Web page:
International marketing talents recruitment: special session
Marketing Talents - China Opportunities
Helping Chinese companies locate international talents
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What is it like to live in China
When it comes to the cost of living in China, cities, regions and lifestyles all have a role. If you're planning on moving to China, this may be the most interesting topic for you, so keep reading.
For less than $1,000 a month, you can live in most major Chinese cities and enjoy a high standard of living. Luxury and extra expenditure, on the other hand, are always options. If you want to live in the heart of Beijing or Shanghai, a beautiful apartment will set you back at least $1,000 per month.
Most entry-level ESL instructors are paid between 10,000 RMB and 15,000 RMB per month (about $1500 to $2180) in addition to their housing allowances. Even with this little wage, you may have a good standard of living and yet have some money left over for retirement.
In China, renting a home costs between $300 and $500 each month.
Depending on where you reside, you might spend as low as $300 per month in China or as much as $700 per month in China. The cost of renting a home in a large city will be substantially more than renting a home in the suburbs.
This is an enormous financial benefit!
Teaching in China, on the other hand, may entitle you to free or reduced-cost accommodations thanks to your employer. The way it's set up might differ based on your contract. You have the option of having it deducted from your monthly paycheck or having it written into your contract.
It costs $100 to $150 a month to eat in China.
In China, the cost of food varies greatly depending on what you're purchasing.
How inexpensive is it?
As a basic food item, a five-kilogram bag of rice costs around $10 at the supermarket. Cooking oil is expensive, while a kilo of chicken costs about $8. For less than ten dollars a week, you may buy a wide variety of fruits and vegetables.
It is feasible to buy all of the food you need for a week in China for $30 or less, and still have enough food for the next week.
Because you want to immerse yourself in the local culture and food. You don't have to worry about being broke since you dine out many times a week.
If you're looking for a cheap and satisfying meal, you can get a large bowl of noodles for approximately $1 or $2. Cheap street food is just as easy to find. Baozi (steamed buns loaded with meat) or even fried rice may be purchased for the same price as rushing to the metro. Even the most basic of meals like beef and noodles will only set you back roughly $2. At under $1, it's worth having a pint of beer with your meal.
There are also a LOT of options.
You'll be blown away by the variety and low cost of the culinary selections. However, if you start yearning meals from home, the costs begin to skyrocket. However, although western cuisine is more expensive, there are occasions when the extra expense is well worth it in order to enjoy a familiar flavor.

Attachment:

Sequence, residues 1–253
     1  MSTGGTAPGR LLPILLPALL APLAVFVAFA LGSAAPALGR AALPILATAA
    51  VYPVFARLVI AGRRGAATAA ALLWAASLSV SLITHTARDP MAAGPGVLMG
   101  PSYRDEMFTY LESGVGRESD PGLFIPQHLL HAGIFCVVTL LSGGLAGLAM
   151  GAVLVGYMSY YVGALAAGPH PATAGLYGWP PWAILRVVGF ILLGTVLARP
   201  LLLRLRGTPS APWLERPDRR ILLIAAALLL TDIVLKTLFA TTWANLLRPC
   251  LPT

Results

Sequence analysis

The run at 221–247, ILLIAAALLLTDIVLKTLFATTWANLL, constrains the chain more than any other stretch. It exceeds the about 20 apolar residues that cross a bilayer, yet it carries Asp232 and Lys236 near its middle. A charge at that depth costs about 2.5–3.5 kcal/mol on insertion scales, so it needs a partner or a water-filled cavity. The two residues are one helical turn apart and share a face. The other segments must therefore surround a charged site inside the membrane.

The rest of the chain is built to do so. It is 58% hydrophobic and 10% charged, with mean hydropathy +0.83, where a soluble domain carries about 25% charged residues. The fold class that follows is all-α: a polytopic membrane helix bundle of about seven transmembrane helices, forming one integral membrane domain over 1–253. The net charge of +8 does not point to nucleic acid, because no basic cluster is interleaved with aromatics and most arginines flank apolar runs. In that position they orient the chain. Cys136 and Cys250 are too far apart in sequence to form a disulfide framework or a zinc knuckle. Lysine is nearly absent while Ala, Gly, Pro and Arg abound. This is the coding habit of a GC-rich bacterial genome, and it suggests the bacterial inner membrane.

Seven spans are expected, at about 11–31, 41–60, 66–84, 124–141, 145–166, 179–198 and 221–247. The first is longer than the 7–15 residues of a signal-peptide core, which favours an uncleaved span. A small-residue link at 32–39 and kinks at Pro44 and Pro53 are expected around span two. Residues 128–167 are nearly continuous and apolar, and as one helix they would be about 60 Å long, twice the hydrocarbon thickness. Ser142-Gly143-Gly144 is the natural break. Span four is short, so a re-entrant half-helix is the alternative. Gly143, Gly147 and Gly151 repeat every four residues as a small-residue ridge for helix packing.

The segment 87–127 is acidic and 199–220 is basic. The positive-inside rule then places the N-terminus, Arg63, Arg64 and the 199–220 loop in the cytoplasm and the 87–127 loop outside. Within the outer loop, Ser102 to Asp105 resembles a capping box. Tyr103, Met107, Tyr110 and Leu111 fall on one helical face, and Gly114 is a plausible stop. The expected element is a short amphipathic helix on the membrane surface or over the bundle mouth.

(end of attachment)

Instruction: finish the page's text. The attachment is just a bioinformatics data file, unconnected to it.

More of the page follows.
Even so, if you buy wisely and prepare your own meals at your apartment, you can keep your expenses in check.
Monthly transportation costs in China range between 30 and 50 dollars.
In most cases, schools will strive to place you in an apartment nearby to your place of employment, particularly if you are not in a major city like Beijing or Shanghai. This means that your apartment in China is so close to your place of employment that you can walk there every day. You may save money on transportation expenditures by walking to school.
Even if you can't walk to school, you can get there for less than a dollar (10 to 30 cents) each trip by using the bus.
If you're going somewhere far away, consider using the metro instead of driving. It's more costly, but it's still a bargain. Subway fares range from 50 cents to $1, depending on the distance you're traveling.
Taxis are more costly than they are everywhere else in the globe, as they are everywhere else. But if you need to be there quickly, it's well worth it. If you're looking for a Chinese version of Uber, you may try Didi as well. For those on a tight deadline, the price tag is well worth the investment.
China's Utility Costs: $50 to $100 per month is a reasonable budget range.
Utilities, such as power, water, gas, telephone, and Wi-Fi, eat up a large portion of most people's monthly budgets.
Some of these amenities may be included in your apartment rent in China, so you won't have to pay extra for them.
However, if you do, you can expect to spend no more than $100 a month on all of your monthly expenses.
Bills for cell phones, for instance. Prepaid phones are your best bet if you're a visitor to the country. It's possible to get decent prepaid plans for 30 to 40 RMB a month (or less, depending on your demands). A lot less expensive than in the United States.
The cost of leisure activities in China varies.
Tickets to one of the new English-language films will set you back just a few dollars, and there are many more affordable ways to spend your money.
Dining out with coworkers and friends or having a good time singing along at a karaoke bar are two of the most popular ways to unwind after work. Both don't cost a lot of money at all.